Type-2 Collagen Monoclonal Antibody (mAB) Cocktail (CAIA)

Collagen antibody-induced arthritis (CAIA) is induced through the injection of a cocktail of anti-type II collagen monoclonal antibodies alone or in combination with LPS. LPS serves to ramp up the immune response sensitizing the animal to the type II collagen autoantibodies, producing a more robust and consistent induction of arthritic disease than with antibodies alone. The CAIA model, does not require the use of a strain with a particular MHC haplotype (such as DBA/1), and can be induced in most strains of mice. This model is ideal for studying the pathogenesis of rheumatoid arthritic disease, including the roles of different cytokines and the recruitment of inflammatory cells, and for evaluating the efficacy of novel test articles in a variety of different strains and genetic backgrounds.


Preclinical Drug Efficacy Studies


Mice (Various strains can be used in this model)

Basic Methodology

Mice are injected i.v. with a cocktail of 4 monoclonal antibodies to type II collagen followed by an i.p. injection of LPS. Mice are scored for arthritis starting on Day 4 post-booster. Arthritis should develop on Day 4 and peak on Days 7-8. Therapeutic effects of test compounds can be determined on Day 7. Osteoblast formation and bone degradation should be more significant on Days 14-21. The administration of therapeutic compounds is performed according to the schedule set-forth in the study protocol.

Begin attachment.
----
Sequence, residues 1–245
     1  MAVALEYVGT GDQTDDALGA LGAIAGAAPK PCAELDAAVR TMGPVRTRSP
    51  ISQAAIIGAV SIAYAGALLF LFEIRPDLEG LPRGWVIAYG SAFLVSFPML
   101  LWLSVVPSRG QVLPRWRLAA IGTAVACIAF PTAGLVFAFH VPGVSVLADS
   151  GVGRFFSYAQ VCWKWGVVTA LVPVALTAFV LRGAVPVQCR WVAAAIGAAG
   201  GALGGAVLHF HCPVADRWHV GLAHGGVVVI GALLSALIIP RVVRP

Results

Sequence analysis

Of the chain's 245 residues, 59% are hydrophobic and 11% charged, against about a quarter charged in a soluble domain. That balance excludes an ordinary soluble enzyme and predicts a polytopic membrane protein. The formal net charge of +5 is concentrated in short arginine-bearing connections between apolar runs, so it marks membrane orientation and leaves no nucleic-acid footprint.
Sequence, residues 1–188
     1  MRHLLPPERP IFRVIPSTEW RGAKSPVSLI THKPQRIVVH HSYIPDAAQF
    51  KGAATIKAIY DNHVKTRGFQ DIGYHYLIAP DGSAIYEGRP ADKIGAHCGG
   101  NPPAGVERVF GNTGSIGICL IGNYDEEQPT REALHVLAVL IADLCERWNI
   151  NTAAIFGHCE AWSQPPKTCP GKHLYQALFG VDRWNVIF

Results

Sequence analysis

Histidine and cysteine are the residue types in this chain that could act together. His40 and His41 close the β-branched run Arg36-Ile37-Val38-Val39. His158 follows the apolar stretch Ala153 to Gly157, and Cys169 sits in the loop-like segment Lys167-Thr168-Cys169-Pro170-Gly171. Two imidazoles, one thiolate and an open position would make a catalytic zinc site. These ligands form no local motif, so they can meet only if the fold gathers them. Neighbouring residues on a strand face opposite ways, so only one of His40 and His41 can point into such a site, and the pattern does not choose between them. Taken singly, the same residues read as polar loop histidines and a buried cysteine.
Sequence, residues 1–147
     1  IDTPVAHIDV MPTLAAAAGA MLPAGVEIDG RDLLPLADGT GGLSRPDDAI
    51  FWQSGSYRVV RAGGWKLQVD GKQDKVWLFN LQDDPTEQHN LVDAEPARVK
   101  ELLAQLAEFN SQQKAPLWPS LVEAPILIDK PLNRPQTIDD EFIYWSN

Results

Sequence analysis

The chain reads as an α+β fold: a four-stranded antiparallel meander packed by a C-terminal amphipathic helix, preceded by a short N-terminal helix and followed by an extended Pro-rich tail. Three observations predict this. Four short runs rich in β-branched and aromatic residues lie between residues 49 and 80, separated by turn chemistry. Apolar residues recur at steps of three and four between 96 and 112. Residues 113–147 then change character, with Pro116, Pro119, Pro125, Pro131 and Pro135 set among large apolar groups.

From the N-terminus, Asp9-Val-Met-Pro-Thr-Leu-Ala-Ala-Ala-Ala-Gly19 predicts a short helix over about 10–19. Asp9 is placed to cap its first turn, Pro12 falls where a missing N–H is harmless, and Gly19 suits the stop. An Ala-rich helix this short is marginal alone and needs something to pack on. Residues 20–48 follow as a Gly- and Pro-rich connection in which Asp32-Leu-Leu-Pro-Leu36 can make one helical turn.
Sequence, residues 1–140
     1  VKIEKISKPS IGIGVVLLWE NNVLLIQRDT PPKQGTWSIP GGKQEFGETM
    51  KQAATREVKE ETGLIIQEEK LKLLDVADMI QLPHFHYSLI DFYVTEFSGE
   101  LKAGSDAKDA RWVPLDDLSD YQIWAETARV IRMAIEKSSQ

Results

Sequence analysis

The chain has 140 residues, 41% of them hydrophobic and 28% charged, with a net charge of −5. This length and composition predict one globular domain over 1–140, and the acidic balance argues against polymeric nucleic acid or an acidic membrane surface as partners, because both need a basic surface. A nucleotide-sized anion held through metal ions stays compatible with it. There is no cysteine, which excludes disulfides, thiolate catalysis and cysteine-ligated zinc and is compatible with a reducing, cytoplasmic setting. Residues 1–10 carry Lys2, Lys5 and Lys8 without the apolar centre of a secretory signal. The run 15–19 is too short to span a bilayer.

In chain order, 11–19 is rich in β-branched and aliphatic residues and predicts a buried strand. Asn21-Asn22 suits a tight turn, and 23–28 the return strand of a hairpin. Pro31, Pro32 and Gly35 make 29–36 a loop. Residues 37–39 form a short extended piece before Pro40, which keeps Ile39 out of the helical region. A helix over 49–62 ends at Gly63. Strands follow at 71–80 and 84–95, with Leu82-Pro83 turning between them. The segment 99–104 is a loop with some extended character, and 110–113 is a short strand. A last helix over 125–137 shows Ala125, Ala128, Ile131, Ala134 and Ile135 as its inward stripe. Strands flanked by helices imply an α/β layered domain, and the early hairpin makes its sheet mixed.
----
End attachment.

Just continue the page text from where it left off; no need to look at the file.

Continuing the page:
Clinical scoring of arthritis, body weight, hang-time (wire mesh), histopathology, cytokine profiling using ELISA and Luminex multiplex assays, and flow cytometric analysis for the characterization of inflammatory cell types

Reference Substance(s):


Literature References:

Woley, Paul (2008) What animal models are best to test novel rheumatoid arthritis therapies? Current Rheumatology Reviews; 4(4):1-11